Writing A College Application Essay: 18 Tips to Avoid Blank Page Syndrome

BPS, often called writer’s block, is among the most common obstacles students face when applying to college. 

Even students with the best intentions, with effective systems in place, often fall into a state of analysis paralysis and wind up staring at a blank page.

Students often state that they feel they have nothing to say or, sometimes, too much to say.

Students often tell us they are not “good” writers.

Others are intimidated into a state of complete numbness because they know someone will read what they write and judge whether they are admitted to that college.

Overcoming blank page syndrome can be challenging.

Here are 18 tips from the writing specialists at College Bound Advising that will help your child overcome their BPS and start writing their college essays:

1. Set a routine

Establish a regular writing routine. Writing at the same time and in the same place each day can create a habit, making it easier to get started. However, sometimes, a change of scenery can spark creativity. If stuck, try writing in a different room, at a café, or outside.

2. Close the computer, pick up a pen

Studies have shown that there are many benefits to putting away our devices and writing pen to paper. Writing with a pen helps facilitate a more free-flowing and creative thought process. Eliminating digital distractions from electronic devices allows for more focused brainstorming and development of ideas.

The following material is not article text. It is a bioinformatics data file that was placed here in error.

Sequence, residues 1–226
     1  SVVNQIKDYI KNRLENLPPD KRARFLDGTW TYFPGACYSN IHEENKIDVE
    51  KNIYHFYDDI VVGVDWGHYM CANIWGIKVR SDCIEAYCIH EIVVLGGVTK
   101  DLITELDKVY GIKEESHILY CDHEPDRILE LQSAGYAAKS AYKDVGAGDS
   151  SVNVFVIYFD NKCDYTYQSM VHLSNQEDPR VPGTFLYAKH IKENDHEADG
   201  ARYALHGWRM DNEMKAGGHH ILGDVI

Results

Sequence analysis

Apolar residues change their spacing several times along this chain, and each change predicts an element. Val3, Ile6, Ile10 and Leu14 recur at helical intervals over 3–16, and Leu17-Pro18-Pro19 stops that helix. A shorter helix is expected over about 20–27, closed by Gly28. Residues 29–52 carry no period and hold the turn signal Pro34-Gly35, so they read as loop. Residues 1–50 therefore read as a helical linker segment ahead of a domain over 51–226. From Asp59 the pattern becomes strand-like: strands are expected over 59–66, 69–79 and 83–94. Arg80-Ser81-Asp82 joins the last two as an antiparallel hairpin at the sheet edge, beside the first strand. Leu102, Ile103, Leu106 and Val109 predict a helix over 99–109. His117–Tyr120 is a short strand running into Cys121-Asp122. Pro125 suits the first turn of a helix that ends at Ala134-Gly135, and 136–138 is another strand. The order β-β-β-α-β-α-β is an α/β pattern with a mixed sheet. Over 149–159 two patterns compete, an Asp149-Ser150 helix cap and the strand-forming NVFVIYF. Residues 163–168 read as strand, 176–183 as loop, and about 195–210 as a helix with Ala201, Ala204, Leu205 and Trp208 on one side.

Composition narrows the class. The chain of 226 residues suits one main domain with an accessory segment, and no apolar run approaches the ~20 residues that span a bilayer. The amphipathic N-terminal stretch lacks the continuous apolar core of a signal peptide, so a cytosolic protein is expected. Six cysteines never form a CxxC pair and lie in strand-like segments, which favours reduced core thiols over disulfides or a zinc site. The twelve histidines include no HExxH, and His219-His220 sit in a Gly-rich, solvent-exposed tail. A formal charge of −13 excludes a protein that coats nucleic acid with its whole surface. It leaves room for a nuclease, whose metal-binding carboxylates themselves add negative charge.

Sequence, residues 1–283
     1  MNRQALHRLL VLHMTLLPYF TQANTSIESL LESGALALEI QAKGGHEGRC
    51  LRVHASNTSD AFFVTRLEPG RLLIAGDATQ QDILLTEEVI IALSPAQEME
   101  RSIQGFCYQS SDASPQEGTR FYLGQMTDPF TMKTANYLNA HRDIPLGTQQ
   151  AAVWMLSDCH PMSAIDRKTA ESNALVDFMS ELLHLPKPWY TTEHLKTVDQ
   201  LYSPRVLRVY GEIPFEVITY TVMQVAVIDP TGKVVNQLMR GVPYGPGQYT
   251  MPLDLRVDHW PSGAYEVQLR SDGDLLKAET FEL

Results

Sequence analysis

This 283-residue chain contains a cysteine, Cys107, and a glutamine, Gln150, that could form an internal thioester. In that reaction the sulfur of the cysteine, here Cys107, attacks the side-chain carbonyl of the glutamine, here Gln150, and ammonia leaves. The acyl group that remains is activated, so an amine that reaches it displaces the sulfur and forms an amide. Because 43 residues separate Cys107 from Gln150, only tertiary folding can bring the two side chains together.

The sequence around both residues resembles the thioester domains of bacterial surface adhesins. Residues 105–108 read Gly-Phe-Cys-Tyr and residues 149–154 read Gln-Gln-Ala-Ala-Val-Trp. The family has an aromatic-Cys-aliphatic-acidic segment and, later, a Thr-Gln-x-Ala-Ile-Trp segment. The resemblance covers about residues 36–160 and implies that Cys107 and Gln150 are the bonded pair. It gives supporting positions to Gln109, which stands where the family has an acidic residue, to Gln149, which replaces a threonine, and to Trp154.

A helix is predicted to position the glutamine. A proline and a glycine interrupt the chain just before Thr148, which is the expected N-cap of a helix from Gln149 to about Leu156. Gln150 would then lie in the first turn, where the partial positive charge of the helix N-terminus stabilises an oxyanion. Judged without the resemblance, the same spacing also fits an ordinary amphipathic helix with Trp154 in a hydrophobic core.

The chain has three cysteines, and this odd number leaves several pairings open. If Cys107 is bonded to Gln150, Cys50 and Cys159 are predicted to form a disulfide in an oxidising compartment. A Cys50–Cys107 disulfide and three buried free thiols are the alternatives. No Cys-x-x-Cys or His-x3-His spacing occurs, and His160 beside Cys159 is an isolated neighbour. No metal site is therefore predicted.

3. Start with a prompt

Use writing prompts to kickstart creativity. Prompts can be specific or more general, but both will help get words flowing. Download a list of our favorites here.

4. Jot down major themes/values/characteristics 

Create a list of values, beliefs, and characteristics important for the reader to know about you. After writing a first draft, ask, “Does this draft incorporate all or some of these?” If yes, try to figure out how to expand on them; if no, see where more details can be added.

5. Free write

Set a timer for 10-15 minutes and write non-stop. Don’t worry about grammar, spelling, or coherence. Don’t edit or stop to think ‒ just write. Free writing often helps to avoid any internal criticism and helps to get ideas flowing.

6. Set small goals

Set achievable writing goals. Instead of aiming to write the entire essay, aim for a single paragraph, a specific word count, or, at the beginning of the process, even something as simple as saying: “Today, I will free write for 20 minutes.”

7. Walk for creativity

Walking is not only good for our physical health but also increases our creativity. A recent study at Stanford University found that a person’s creative output increases by 60% when walking. So, grab a pair of sneakers and something to record your thoughts while taking in the outside smells, sounds, and sights. Voice texting your thoughts as you walk will help ensure you don’t forget them when you get home to write. 

8. Talk it out

Discuss ideas with a friend, parent, teacher, or essay coach. Talking about our writing can help clarify our thoughts and provide new perspectives. Our signature Office Hours are a great place to talk it out.

9. Eliminate distractions